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Insecurity, climate change seen keeping food prices high in Nigeria

GAIN, NCIC grant $16,000 to four innovators to boost nutritious foods

Nigerians hoping for a respite in the cost of living crisis may not find it this year as experts have predicted that the worsening insecurity and changing climate will keep food prices high.

According to them, climate change and insecurity will alter and disrupt the farming cycle in 2023, and the production of key staples such as rice and maize is unlikely to replenish depleted stock owing to last year’s flooding incidences, till at least in the first half of 2023.

“We need to grow more food to drive down prices and this looks unlikely owing to critical issues such as insecurity and climate change that have been curbing crop production in recent years,” Abiodun Olorundenro, operations manager at Aquashoots Limited, said in a response to questions.

“What this means is that food prices will remain high in 2023 owing to the shortfall, maybe until the third quarter when we have a new president,” he said.

With food prices climbing to record peaks last year, millions of Nigerians are already facing devastating hunger and malnutrition levels.

In a 2022 combined report by the Food and Agricultural Organization (FAO), World Food Programme and the United Nations, Nigeria is listed among five other countries as the ‘hotspot of global hunger’ – where people are facing catastrophic levels of hunger.

“Food prices will remain high but there will be no famine in 2023,” said Ibrahim Kabiru, national president of the All Farmers Association of Nigeria.

“Climate change is going to still impact production this year like last year. Its impact is becoming devastating yearly. The government is yet to address the insecurity issues that have been limiting production. All these will keep food prices up this year,” Kabiru said.

He added that the sector will record growth at a slower pace in the year, calling on the government to support farmers to grow food all year round.

Nigeria’s food inflation, the key driver of Nigeria’s headline inflation, hit 24.13 percent in November 2022, and over 90 percent of the country’s working population spends 60 percent of their income on food and related expenses, analysts say.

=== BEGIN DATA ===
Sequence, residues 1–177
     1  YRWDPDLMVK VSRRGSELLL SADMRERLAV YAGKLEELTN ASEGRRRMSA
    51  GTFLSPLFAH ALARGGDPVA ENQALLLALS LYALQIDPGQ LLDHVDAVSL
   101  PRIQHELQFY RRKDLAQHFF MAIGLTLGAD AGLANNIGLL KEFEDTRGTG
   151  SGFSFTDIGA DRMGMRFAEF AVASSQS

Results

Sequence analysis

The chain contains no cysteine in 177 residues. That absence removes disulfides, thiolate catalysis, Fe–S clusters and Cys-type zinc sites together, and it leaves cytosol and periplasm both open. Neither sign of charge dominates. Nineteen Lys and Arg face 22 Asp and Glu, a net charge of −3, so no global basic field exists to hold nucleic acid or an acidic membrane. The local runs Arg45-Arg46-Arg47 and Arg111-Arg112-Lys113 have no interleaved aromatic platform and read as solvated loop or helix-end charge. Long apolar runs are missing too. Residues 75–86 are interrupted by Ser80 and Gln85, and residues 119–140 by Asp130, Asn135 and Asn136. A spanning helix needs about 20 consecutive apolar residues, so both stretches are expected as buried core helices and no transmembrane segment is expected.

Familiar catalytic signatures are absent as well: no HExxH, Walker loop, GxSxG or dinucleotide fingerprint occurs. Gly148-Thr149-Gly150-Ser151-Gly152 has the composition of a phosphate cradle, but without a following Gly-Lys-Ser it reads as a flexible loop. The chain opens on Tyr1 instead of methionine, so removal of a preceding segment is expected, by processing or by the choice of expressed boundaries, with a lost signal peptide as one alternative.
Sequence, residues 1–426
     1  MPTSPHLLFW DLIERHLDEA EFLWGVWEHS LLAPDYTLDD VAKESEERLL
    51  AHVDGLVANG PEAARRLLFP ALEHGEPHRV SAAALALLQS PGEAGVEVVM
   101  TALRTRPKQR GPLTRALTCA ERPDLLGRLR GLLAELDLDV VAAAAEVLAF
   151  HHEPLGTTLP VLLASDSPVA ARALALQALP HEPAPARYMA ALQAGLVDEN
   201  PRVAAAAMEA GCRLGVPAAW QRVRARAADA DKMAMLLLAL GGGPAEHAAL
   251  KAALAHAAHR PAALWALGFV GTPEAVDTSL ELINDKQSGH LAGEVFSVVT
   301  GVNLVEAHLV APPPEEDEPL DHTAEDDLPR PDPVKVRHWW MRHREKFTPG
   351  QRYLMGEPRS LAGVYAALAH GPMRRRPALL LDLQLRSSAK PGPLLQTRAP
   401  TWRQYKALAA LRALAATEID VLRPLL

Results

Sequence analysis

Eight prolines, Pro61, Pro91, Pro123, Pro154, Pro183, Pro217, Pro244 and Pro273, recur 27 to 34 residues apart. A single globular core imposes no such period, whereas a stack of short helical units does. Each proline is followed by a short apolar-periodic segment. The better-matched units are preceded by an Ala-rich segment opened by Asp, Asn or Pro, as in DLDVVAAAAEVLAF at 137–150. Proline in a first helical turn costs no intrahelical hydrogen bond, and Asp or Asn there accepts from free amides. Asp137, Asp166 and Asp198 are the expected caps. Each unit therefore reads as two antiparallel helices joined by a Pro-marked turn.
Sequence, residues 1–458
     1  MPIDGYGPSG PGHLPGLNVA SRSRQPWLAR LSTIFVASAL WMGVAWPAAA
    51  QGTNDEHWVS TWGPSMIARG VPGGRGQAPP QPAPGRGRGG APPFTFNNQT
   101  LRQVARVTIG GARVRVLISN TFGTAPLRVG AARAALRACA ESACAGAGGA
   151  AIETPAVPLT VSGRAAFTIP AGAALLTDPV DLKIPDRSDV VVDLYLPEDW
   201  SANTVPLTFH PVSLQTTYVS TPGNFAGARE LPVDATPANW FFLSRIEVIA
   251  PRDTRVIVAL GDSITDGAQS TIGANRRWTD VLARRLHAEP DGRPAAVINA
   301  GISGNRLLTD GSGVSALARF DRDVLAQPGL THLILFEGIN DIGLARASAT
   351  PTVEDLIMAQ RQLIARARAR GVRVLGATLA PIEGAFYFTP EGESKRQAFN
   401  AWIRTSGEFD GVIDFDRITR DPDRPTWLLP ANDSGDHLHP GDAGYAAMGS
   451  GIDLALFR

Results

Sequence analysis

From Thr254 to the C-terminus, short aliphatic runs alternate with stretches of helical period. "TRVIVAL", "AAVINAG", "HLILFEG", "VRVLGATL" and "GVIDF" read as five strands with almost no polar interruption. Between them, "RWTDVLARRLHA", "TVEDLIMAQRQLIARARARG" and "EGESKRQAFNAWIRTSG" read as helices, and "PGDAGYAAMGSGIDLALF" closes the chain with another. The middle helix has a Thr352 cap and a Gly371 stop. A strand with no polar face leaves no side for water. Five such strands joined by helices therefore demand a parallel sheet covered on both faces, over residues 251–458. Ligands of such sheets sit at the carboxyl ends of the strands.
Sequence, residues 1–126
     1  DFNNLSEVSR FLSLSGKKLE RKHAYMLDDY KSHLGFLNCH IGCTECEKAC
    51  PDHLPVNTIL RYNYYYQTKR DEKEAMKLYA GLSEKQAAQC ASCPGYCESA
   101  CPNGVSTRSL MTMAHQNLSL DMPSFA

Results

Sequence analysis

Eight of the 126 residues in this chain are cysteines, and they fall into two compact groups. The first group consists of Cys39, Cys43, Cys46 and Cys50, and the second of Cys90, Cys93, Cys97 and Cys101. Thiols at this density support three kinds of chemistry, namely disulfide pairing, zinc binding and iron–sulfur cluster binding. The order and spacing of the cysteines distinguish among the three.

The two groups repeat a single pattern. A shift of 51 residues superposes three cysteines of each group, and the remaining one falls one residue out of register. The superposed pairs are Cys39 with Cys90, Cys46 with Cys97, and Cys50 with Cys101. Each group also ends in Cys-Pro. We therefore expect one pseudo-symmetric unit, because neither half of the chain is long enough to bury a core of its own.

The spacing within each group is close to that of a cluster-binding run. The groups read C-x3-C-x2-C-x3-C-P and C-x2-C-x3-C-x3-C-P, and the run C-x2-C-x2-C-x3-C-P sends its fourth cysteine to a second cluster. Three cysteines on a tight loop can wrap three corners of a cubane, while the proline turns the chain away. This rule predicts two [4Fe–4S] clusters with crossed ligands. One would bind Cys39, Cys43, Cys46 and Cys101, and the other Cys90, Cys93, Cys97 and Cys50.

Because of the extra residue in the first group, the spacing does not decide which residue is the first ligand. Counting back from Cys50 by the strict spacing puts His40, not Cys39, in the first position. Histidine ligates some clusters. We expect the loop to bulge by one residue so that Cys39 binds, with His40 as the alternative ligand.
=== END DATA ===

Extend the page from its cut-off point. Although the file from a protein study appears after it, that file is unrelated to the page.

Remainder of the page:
The surge in inflation led to a 12 percent increase in household consumption expenditure to N27.3 trillion in the first half of 2022, the highest in five years, according to data from the National Bureau of Statistics.

Read also: Global food prices hit record high in 2022

The situation has made many Nigerians poorer than they were in 2021, with 63 percent of the population (133 million) suffering from multidimensional poverty.

“Food prices will remain high. Nothing is going to happen now until after the elections,” said Edobong Akpabio, chairperson of the agriculture and allied sector group of the Lagos Chamber of Commerce and Industry.

“FX scarcity is not going to change this year; it will worsen and ease until after the elections. We still import a large amount of our food and this means it will be more expensive.”

Florunsho Olayemi, chief executive officer at Sammorf Agro-Consult Limited, said the disappointing harvest last year owing to the impact of climate change has created a shortfall in some major staples Nigerians consume.

He noted that the shortfall coupled with the surge in key inputs such as fertilisers will keep food prices up for most of 2023.

However, analysts at Financial Derivatives Company Limited project a decline in food prices in 2023. “Looking into the future, we believe that there will be some relief in 2023 as geopolitical tension fades and commodity prices return to their pre-COVID levels.”

“This will bring succour to the pressure on domestic prices and inflation is expected to start moderating from the second quarter of 2023. Nigeria’s headline inflation for 2023 is projected to average 16.2 percent,” they added.